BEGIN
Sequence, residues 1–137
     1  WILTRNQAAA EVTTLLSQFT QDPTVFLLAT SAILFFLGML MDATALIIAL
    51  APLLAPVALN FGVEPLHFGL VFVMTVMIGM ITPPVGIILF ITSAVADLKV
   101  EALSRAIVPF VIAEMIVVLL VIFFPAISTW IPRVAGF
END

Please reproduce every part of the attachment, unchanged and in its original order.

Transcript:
Sequence, residues 1–137
     1  WILTRNQAAA EVTTLLSQFT QDPTVFLLAT SAILFFLGML MDATALIIAL
    51  APLLAPVALN FGVEPLHFGL VFVMTVMIGM ITPPVGIILF ITSAVADLKV
   101  EALSRAIVPF VIAEMIVVLL VIFFPAISTW IPRVAGF